Use of ACC email

All College e-mail communication to students will be sent solely to the students ACCmail account, with the expectation that such communications will be read in a timely fashion. ACC will send important information and will notify you of any college related emergencies using this account.  Students should only expect to receive email communication from their instructor using this account.  Likewise, students should use their ACCmail account when communicating with instructors and staff.  Instructions for activating an ACCmail account can be found at


Testing Center Policy

Under certain circumstances, an instructor may have students take an examination in a testing center.  Students using the Academic Testing Center must govern themselves according to the Student Guide for Use of ACC Testing Centers and should read the entire guide before going to take the exam.  To request an exam, one must have:


    ACC Photo ID

    Course Abbreviation (e.g., ENGL)

    Course Number (e.g.,1301)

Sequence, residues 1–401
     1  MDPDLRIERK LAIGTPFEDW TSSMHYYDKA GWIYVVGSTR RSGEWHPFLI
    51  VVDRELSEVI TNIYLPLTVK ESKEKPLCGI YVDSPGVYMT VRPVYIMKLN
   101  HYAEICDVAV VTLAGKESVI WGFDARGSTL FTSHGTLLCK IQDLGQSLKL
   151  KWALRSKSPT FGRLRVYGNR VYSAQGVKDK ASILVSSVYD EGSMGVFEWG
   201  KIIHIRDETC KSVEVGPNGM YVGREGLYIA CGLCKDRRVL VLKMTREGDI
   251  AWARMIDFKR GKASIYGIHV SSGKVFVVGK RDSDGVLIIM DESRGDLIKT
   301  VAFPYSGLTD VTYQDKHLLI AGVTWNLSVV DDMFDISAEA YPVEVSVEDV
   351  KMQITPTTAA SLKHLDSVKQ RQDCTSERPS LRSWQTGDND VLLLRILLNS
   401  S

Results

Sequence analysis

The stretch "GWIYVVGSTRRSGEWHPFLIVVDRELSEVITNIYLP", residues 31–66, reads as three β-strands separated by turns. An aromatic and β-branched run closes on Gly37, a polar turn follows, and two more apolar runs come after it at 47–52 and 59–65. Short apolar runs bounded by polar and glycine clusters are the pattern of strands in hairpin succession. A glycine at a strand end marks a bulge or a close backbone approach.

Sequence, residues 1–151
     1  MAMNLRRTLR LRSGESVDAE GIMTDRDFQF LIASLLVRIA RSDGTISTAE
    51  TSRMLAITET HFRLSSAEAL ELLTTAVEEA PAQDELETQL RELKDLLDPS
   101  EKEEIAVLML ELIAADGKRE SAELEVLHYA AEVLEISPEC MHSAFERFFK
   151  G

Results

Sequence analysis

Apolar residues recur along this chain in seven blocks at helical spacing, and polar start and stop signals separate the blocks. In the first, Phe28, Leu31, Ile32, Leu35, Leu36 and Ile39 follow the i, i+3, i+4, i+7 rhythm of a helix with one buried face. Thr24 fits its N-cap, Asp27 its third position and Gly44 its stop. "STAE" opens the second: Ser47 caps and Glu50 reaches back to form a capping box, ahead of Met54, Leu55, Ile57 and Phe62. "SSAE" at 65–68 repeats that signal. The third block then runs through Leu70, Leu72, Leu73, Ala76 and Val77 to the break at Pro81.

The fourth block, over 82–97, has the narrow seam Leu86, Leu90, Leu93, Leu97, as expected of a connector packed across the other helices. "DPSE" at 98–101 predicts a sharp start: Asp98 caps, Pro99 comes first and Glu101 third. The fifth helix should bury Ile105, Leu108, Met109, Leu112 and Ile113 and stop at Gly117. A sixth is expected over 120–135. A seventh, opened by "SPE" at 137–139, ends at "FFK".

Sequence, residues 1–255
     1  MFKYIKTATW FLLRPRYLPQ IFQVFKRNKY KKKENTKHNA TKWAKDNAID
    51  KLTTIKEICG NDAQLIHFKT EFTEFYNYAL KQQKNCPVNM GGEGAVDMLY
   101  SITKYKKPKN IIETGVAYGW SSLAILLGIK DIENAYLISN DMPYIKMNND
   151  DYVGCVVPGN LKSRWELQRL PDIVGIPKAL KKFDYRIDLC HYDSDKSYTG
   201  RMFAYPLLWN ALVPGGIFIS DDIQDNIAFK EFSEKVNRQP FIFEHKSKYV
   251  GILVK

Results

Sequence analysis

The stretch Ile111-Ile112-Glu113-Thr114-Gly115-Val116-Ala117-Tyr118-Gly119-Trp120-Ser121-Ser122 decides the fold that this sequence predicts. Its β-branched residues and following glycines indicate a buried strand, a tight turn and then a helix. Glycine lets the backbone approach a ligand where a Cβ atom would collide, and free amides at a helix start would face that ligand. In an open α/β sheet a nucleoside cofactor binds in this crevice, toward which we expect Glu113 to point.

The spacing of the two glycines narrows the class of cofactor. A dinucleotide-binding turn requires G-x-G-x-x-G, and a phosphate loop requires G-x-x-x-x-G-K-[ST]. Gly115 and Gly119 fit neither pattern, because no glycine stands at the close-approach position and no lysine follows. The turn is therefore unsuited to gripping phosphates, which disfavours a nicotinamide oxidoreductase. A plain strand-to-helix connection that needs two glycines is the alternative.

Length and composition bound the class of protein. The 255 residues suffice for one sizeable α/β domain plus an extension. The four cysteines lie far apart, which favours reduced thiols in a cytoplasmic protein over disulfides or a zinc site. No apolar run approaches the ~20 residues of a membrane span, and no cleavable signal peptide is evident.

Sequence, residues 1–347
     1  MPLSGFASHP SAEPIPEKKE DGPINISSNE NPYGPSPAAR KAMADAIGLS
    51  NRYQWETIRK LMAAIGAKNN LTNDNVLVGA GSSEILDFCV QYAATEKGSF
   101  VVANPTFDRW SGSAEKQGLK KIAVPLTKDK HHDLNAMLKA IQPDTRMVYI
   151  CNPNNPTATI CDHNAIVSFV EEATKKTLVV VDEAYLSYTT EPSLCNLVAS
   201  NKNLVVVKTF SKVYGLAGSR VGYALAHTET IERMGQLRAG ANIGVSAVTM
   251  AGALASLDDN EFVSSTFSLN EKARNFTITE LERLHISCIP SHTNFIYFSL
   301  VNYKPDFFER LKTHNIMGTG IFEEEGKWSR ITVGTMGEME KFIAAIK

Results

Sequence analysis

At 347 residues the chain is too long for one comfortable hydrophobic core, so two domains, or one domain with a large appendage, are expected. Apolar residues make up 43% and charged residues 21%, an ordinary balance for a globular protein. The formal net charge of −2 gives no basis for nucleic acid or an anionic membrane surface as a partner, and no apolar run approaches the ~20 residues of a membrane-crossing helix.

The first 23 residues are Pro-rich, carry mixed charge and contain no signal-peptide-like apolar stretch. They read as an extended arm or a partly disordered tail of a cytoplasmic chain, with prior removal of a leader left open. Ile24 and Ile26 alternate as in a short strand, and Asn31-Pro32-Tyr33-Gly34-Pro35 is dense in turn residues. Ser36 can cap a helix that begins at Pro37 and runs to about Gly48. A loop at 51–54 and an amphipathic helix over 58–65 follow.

Course Synonym (e.g., 10123)

    Course Section (e.g., 005)

    Instructor's Name


Do NOT bring cell phones to the Testing Center.  Having your cell phone in the testing room, regardless of whether it is on or off, will revoke your testing privileges for the remainder of the semester.  ACC Testing Center policies can be found at


Student And Instructional Services

ACC strives to provide exemplary support to its students and offers a broad variety of opportunities and services.  Information on these services and support systems is available at:


Links to many student services and other information can be found at:


For help setting up your ACCeID, ACC Gmail, or ACC Blackboard, see a Learning Lab Technician at any ACC Learning Lab.


 Course Outline and Approximate Calendar:
Please note:  schedule changes may occur during the semester.
Any changes will be announced in class.










Whirlwind review of differential calculus





Review of integration and substitution





Numerical approximation of integrals





Integration by parts





Trigonometric integrals





Partial fractions





More partial fractions and Trig substitution





More Trig substitution





Integration using tables





Improper integrals





More improper integrals